Another wonderful word – excitotoxicity – and a possible key to relief of fibromyalgia symptoms through diet. Everything, according to Holton et al (see library) may hinge on glutamate and aspartate, but they are just the beginning of a twisting and interconnecting puzzle of nutrients, amino acids, and lots of initials. I’m not sure if I’ll be able to make sense of this for you, but here we go…
Glutamate and aspartate are non-essential amino acids found in a large variety of foods. While some studies indicate that reducing foods that have these amino acids in them helps with fibromyalgia symptoms, others say pretty unequivocally no. Looking at how glutamate and aspartate interrelate with other nutrients and the body, however, makes the conclusion a bit equivocal.
- Noxious stimuli (pain) causes the release of glutamate into the system – glutamate that has NOT been ingested.
- Prolonged pain (activation of nociceptors) causes the continuous release of glutamate into the system (again not through eating)
- Magnesium is a natural block of NMDA (N-methyl-D-aspartate) receptors – all I’m sure about is NMDA helps cause chronic pain, and NMDA antagonists help relieve chronic pain.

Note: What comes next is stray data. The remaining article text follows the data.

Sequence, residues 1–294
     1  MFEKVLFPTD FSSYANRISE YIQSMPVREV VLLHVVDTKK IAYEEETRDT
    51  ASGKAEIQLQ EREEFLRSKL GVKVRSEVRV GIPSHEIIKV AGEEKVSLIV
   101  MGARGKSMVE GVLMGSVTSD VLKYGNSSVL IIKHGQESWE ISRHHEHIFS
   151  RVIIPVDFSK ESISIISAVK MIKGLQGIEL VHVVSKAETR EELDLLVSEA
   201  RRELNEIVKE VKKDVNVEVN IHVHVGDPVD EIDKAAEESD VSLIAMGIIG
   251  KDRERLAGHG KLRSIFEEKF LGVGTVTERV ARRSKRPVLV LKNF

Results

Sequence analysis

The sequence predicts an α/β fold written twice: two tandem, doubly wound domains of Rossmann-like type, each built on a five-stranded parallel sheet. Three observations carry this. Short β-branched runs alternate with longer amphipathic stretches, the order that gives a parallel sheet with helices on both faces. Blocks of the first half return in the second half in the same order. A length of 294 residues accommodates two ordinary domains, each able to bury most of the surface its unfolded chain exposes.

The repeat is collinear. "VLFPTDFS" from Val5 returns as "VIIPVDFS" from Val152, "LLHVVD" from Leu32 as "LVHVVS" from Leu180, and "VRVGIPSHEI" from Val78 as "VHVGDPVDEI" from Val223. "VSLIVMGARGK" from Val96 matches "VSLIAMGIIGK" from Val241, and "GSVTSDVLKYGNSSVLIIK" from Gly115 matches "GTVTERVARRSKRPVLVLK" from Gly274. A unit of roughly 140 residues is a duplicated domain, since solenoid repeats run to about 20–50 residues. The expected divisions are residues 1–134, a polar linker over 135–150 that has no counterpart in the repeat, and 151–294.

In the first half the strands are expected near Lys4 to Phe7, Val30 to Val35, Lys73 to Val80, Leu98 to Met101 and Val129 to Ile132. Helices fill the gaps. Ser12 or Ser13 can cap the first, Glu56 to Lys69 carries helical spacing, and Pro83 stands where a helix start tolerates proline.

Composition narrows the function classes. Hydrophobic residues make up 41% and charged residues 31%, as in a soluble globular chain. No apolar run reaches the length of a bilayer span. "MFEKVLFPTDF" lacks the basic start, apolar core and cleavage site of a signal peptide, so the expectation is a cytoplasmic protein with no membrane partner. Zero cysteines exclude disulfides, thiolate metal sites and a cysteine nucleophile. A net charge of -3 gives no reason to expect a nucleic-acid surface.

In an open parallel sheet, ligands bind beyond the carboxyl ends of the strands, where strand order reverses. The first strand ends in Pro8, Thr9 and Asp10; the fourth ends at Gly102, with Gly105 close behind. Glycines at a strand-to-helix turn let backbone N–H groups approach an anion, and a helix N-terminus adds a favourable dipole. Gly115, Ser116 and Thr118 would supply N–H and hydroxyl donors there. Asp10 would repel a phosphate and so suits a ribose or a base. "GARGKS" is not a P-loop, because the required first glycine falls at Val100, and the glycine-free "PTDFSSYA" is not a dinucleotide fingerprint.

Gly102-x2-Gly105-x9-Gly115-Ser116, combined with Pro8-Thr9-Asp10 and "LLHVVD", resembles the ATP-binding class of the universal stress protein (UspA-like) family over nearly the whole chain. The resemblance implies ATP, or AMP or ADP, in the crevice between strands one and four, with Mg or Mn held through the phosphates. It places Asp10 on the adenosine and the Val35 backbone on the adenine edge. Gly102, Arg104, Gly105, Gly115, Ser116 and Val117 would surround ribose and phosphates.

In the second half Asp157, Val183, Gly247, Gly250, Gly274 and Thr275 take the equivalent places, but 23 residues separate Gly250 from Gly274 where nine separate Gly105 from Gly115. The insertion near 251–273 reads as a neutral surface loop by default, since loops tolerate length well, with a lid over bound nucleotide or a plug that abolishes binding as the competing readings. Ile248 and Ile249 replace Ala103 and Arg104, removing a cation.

- Continuous release of glutamate breaks down the magnesium block.
- Add to that Substance P (a very mysterious substance related to chronic pain), the combination is the perfect storm for fibromyalgia.
- In addition, high levels of glutamate overexcites postsynaptic neurons which then die. This is “excitotoxicity.”
High levels of glutamate and Substance P also increases the permeability of the blood-brain barrier (great image with that one…). I don’t know exactly what that means yet, but when permeability increases, then DIETARY glutamate (stuff you eat) can enter the brain easier. It would seem like this is the point that the spiral of fibro symptoms may start, and changing diet may help break the circuit.
At the same time, vitamin B6 assists development of an enzyme (glutamate decarboxylase) which converts glutamate into GABA (gamma-aminobutyric acid), which is an inhibitory neurotransmitter and blocks the negative effects of glutamate.
Therefore, it seems like eliminating foods is not necessarily the way to go, but making sure a proper balance of nutrients is in place is key to diet helping to relieve symptoms. One thing to keep in mind (for me) is the idea of people having different “normals.” One person’s B6 levels may need to be higher or lower than the next person’s. Coming up with a diet is going to require some experimentation.